Elementitis & Aboutitis


In his book “Making learning whole”, David Perkins talks about two widespread diseases of the educational system, namely “elementitis” and “aboutitis”.

Elementitis has to do with learning the elements of a discipline without seeing the big picture. Elementitis prevents students from understanding what is the purpose of the topic considered, rising their levels of frustration, apathy, and boredom. This disease is widely spread across the world when it comes to learning some important subjects, such as math. Students spend literally years learning topics in algebra, calculus, or statistics without immediately seeing their application. Imagine a cooking school where cooks-to-be learn how to bake doughs for years without even mention the word “pie”. It would be non-sense. But that is exactly what occurs in the math realm. High school students learn how to multiply or invert matrices, but they have no idea what matrices are for. When teaching foreign languages, some schools start teaching the elements of writing, grammar, and even style, without really practising oral skills. What is the point of doing this? I have seen hundreds of students able to understand something written in a foreign language, but totally incapable to actually speak more than a few sentences in such a language. My favourite example is how some teachers make (or pretend to make) their students learn English irregular verbs. Students have to learn by heart an endless list of verbs with three columns, such as eat-ate-eaten. Can there be a worse way to teach irregular verbs? This awful method is also applied to phrasal verbs, vocabulary, and so on. Unfortunately, math and languages are not the only examples of subjects infected with elementitis. History, chemistry, physics, or literature, to name a few more, could have been used as examples as well.

At the opposite end of the spectrum, programming applications such a Scratch from MIT give immediate feedback to programmers and a rewarding sense of utility. It is not a coincidence that Scratch has become so popular among young students. Scratch philosophy is in line with Perkins’ recommendation to avoid elementitis, namely start by playing a simple version of the whole game from the very beginning. As mentioned, this is easier said than done, but the point is there: innovation is needed to extrapolate the philosophy of Scratch to other spheres.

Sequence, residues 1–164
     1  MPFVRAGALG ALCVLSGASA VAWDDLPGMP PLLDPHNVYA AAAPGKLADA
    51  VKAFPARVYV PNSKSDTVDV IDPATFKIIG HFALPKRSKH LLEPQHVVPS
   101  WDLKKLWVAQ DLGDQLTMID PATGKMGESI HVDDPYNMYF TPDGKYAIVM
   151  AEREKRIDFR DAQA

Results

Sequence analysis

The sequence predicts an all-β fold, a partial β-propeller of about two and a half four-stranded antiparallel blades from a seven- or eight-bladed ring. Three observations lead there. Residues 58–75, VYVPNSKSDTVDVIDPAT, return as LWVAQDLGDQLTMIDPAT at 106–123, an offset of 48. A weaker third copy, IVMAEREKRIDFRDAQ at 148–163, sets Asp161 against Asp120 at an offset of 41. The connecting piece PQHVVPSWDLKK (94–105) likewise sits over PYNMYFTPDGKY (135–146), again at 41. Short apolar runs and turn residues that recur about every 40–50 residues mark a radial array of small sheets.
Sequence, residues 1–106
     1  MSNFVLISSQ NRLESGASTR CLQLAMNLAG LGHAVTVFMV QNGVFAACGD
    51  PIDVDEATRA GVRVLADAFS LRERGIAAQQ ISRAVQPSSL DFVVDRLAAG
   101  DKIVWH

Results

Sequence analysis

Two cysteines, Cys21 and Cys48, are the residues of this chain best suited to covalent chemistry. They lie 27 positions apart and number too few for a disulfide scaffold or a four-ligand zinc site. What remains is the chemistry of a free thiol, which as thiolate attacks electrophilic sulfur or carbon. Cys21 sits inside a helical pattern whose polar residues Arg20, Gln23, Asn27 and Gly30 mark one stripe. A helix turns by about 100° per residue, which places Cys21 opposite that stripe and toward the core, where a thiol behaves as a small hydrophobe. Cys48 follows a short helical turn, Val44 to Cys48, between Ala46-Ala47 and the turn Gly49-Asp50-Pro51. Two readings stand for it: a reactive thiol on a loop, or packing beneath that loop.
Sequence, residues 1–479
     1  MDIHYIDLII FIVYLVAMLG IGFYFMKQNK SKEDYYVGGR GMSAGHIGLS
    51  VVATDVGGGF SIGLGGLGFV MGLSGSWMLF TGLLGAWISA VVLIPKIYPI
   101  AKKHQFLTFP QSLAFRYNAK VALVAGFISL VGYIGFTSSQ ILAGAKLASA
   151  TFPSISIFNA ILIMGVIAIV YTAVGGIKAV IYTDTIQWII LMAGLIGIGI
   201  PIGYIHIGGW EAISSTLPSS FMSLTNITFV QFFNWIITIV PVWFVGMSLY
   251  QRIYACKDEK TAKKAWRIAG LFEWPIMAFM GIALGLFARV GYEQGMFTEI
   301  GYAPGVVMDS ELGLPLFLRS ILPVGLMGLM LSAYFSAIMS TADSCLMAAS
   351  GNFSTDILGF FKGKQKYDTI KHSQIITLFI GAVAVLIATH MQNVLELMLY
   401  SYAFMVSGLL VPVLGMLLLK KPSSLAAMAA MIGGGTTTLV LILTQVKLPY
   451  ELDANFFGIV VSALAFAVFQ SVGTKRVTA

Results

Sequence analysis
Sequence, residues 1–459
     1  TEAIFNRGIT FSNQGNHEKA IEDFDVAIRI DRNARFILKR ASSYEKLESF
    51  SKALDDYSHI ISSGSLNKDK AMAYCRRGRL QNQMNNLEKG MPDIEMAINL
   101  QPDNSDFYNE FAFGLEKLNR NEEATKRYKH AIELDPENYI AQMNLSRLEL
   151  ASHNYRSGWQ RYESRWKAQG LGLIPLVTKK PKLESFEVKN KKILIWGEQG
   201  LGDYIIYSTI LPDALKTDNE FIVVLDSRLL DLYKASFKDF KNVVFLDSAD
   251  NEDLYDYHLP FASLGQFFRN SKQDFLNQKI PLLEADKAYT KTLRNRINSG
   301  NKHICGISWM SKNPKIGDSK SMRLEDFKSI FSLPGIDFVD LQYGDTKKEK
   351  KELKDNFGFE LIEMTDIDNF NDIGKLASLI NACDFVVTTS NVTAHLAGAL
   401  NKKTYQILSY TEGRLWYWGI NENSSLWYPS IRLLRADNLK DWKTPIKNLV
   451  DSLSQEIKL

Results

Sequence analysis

Aboutitis is related to the inability of students to learn a specific subject in full. There are so many subjects to learn and time is so limited, that teachers cannot go deep into any subject, they content themselves with scratching the surface. As a result, students are able to recognize the topics (“I have seen this before”, “that rings a bell”) but have not really grasped the rewarding deep insights that were awaiting them one or two steps further. Aboutitis prevents students from continuing learning on their own based on the knowledge acquired in the classroom. The building blocks on which their knowledge is based are not solid, but slippery. Sadly enough, aboutitis leads to covering the same topics again and again year after year at school, which again entails ample boredom and frustration. From my own experience, I can tell that my children, when learning English as a foreign language, have “learnt” the difference between present simple and present continuous for seven or eight consecutive years each.

Being aware of the existence of the two diseases, elementitis and aboutitis, is the first step to coming up with new, disruptive ways of teaching and learning. This transformation should occur at two levels. First, teachers in the classroom should try to teach fewer topics better and give an immediate sense of usefulness trough simple examples or experiences. Second, when designing an educational path, the whole body of knowledge to be taught should be split differently and coordinated in such a way that these two diseases are avoided. As I said, easier said than done, but for sure it is worth trying.

References
Perkins, D. “Making learning whole. How seven principles of teaching can transform education” Jossey-Bass, 2009, San Francisco, CA.

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